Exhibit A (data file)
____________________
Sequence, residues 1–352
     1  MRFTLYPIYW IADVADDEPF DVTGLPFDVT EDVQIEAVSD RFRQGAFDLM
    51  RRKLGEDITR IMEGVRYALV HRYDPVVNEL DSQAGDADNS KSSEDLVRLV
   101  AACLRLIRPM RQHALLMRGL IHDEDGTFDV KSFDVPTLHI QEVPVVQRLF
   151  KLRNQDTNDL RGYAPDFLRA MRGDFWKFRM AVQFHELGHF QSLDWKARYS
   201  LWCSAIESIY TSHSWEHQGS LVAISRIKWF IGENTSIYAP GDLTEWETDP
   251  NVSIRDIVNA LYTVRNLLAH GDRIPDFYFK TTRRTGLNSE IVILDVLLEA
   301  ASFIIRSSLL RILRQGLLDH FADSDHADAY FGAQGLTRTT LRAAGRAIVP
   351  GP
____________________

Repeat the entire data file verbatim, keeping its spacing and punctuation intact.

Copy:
Sequence, residues 1–352
     1  MRFTLYPIYW IADVADDEPF DVTGLPFDVT EDVQIEAVSD RFRQGAFDLM
    51  RRKLGEDITR IMEGVRYALV HRYDPVVNEL DSQAGDADNS KSSEDLVRLV
   101  AACLRLIRPM RQHALLMRGL IHDEDGTFDV KSFDVPTLHI QEVPVVQRLF
   151  KLRNQDTNDL RGYAPDFLRA MRGDFWKFRM AVQFHELGHF QSLDWKARYS
   201  LWCSAIESIY TSHSWEHQGS LVAISRIKWF IGENTSIYAP GDLTEWETDP
   251  NVSIRDIVNA LYTVRNLLAH GDRIPDFYFK TTRRTGLNSE IVILDVLLEA
   301  ASFIIRSSLL RILRQGLLDH FADSDHADAY FGAQGLTRTT LRAAGRAIVP
   351  GP